Basic Information About Bill Moseley
|Category||Celebrities › Actors|
|Professions||Actor, Musician, Journalist, Singer, Voice Actor|
|Date of birth||1951-11-11 (72 years old)|
|Place of birth||Stamford|
|Nationality||United States of America|
|Curiosities and Trademarks||Bright, blue eyes|
His characters often rant while committing acts of violence
Often plays sadistic yet darkly comedic villains (Chop-Top in The Texas Chainsaw Massacre 2 (1986), Otis in House of 1000 Corpses (2003)/The Devil's Rejects (2005))
Character catchphrase: "Hope you like what you see!"
|Spouse||Lucinda Jenney - (14 February 2017 - present) (1 child)|
|Height||6 ft (1.83 m)|
|Social Media||↗︎ Wikipedia ↗︎ IMDb|
What Movie Awards did Bill Moseley win?
Bill Moseley roles
|Movie / Series||Role|
|Grindhouse||Dr. Heinrich von Strasser (segment "Werewolf Women of the SS")|
|House of 1000 Corpses||Otis|
|The Devil's Rejects||Otis|
|Halloween||Zach 'Z-Man' Garrett|
|Army of Darkness||Deadite Captain|
|The Blob||Soldier #2 (in sewer)|
|Prisoners of the Ghostland||The Governor|
|Texas Chainsaw 3D||Drayton Sawyer|
|The Texas Chainsaw Massacre 2||Chop-Top|
|Repo! The Genetic Opera||Luigi Largo|
|3 from Hell||Otis Driftwood|
|Honey, I Blew Up the Kid||Federal Marshall|
|Night of the Living Dead||Johnnie (as Bill Mosley)|
|To Your Last Death||Pavel (voice)|
|The Tortured||John Kozlowski|
|Slasher||Homeless Guy 2 episodes, 2019|
|The Practice||Jake Spooner 1 episode, 2003|
|Tour of Duty||Sgt. Jones 1 episode, 1989|
|ER||Charlie 1 episode, 2004|
|Teenage Mutant Ninja Turtles||Bernie 1 episode, 2014|
|Freddy's Nightmares||Buzz 1 episode, 1989|
|Days of Our Lives||Joel / ... 4 episodes, 2006-2007|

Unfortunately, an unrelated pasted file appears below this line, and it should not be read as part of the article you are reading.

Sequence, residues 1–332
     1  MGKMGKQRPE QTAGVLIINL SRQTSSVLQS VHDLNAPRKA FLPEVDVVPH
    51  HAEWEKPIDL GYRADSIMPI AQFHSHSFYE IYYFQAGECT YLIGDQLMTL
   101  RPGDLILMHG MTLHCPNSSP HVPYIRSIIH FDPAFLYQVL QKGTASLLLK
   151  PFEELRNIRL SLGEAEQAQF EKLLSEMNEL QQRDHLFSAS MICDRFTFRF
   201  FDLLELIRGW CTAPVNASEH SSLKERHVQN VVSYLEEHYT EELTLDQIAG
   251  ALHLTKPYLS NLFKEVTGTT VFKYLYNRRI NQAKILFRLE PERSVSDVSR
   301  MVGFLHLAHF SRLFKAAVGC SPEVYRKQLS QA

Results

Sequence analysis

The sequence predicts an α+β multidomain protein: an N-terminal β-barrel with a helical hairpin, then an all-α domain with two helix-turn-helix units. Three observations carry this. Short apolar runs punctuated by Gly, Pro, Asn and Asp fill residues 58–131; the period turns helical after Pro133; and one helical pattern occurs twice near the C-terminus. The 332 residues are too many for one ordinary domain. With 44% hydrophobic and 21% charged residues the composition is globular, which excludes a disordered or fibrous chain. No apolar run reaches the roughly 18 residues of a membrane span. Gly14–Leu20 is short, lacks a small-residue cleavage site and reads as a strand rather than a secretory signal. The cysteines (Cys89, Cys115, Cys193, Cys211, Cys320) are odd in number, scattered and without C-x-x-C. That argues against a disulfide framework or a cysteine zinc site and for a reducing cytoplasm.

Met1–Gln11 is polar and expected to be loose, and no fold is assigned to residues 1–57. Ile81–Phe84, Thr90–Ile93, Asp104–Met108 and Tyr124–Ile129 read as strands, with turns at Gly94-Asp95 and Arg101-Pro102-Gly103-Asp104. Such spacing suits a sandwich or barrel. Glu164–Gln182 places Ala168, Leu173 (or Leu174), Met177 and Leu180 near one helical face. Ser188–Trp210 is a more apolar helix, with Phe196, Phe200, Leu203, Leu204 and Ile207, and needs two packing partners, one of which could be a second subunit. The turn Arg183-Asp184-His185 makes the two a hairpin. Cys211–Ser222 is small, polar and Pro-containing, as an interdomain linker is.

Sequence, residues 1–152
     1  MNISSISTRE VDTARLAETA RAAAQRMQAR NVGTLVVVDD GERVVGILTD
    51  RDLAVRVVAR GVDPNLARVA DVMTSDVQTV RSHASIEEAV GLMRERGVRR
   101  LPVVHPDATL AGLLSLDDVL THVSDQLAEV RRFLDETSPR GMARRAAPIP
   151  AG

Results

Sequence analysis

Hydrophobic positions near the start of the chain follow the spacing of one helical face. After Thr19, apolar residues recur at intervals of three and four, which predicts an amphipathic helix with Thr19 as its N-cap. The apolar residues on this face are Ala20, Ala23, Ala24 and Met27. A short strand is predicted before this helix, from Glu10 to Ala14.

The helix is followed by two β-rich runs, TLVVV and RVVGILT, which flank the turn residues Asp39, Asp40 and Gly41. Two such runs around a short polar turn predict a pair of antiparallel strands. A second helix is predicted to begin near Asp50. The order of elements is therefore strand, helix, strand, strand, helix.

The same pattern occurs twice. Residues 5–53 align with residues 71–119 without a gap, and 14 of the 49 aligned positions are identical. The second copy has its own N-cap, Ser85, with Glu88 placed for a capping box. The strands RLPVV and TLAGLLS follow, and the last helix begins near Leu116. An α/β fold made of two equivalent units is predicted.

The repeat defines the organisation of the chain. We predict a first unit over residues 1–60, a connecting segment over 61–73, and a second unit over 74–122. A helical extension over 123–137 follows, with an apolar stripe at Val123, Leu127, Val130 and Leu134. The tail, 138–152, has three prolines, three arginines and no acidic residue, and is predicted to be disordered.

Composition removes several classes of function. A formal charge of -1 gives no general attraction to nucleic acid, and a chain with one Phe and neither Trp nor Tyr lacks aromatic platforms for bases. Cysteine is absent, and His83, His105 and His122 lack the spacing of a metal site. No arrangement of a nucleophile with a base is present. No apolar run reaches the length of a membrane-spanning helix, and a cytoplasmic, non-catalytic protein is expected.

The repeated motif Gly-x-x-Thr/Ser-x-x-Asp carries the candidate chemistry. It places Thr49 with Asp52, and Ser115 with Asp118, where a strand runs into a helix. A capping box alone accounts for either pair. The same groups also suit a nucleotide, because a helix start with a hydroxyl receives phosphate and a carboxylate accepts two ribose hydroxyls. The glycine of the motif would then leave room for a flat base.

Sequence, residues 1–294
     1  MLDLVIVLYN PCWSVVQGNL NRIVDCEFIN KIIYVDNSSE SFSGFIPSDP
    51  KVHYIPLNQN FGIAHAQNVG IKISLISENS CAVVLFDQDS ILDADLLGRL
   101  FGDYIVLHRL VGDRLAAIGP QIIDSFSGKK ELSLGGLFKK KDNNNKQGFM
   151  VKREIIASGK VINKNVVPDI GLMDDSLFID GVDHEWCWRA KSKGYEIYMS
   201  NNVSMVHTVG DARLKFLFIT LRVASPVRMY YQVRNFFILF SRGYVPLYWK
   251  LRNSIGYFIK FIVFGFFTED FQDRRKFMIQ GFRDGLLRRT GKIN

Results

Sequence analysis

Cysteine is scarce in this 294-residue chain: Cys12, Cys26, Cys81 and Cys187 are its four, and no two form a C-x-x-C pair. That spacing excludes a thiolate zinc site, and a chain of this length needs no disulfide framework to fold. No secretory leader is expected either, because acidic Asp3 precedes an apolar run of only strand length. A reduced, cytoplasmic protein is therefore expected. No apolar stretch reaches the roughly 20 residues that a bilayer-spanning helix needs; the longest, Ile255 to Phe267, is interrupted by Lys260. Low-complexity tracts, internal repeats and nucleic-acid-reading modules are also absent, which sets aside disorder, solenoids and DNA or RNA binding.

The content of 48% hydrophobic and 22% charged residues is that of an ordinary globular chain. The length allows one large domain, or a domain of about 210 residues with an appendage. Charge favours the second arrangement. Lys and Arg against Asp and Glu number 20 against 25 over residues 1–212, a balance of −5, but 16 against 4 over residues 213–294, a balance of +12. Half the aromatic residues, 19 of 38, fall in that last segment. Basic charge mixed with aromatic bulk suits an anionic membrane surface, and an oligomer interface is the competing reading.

|Holliston||Crazy Max 5 episodes, 2012-2013|
|Carnivàle||Possum 8 episodes, 2003-2005|
|Z Nation||General McCandles 1 episode, 2014|
|Fallen Angels||Customer #1 1 episode, 1995|
|Father Dowling Mysteries||Kane / ... 1 episode, 1991|
Bill Moseley's Quotes
- [advice to actors wanting to be in the horror industry] First and foremost, enjoy yourself! And get paid! Get paid is my advice to actors in general. Re: the horror industry, if you're attracted to it because you really want to saw someone in half, seek psychiatric help. The horror fans, and my horror peers, have, for the most part, a very clear sense of what's real and what's fantasy. A good scare is a wonderful thing. Horror movies can make for a great date. Just make sure the blood that flows is Karo syrup and not hemoglobin!
- One of the things I've learned from writing is to exercise that imagination muscle on a daily basis. As an actor, when I get a script and things are worked out to where I'm going to do the project, what I like to do is read the script three or four times and just let my imagination go. I just try to figure out how my character can make real choices in his natural environment. It seems to have worked out.
- One day on the set of The Texas Chainsaw Massacre 2 (1986), as I was hanging out in full Chop-Top between scenes, I noticed a well-heeled woman with a little boy. The boy saw me and clung tightly to his mother's leg. She patted him on the head and said, "Don't worry, Johnny, he's not real; he's just an actor wearing make-up". I approached mother and son, smiling, leaned down and whispered in the boy's little ear: "Don't believe it".
- I love horror movies, always have. First one I ever saw in the theater was the original The Blob (1958) with Steve McQueen. Second was a double bill - The Fly (1958) and Return of the Fly (1959). Scared the crap out of me. Been a fan ever since.
- As a college student, I never thought in my wildest dreams that acting could be my career! I come from Midwest stock, railroad people, and the idea of pursuing an acting career was akin to running off to join the circus. It wasn't until I landed the part of Chop-Top in The Texas Chainsaw Massacre 2 (1986) in 1986, twelve years after I'd graduated from Yale, that it occurred to me that you could actually make a living - and a pretty good one! - at this acting thing. 2014 marks my 30th anniversary as a card-carrying Screen Actors Guild (SAG) member. I've got health benefits for me and my family, a decent pension, and I'm still working. Go figure!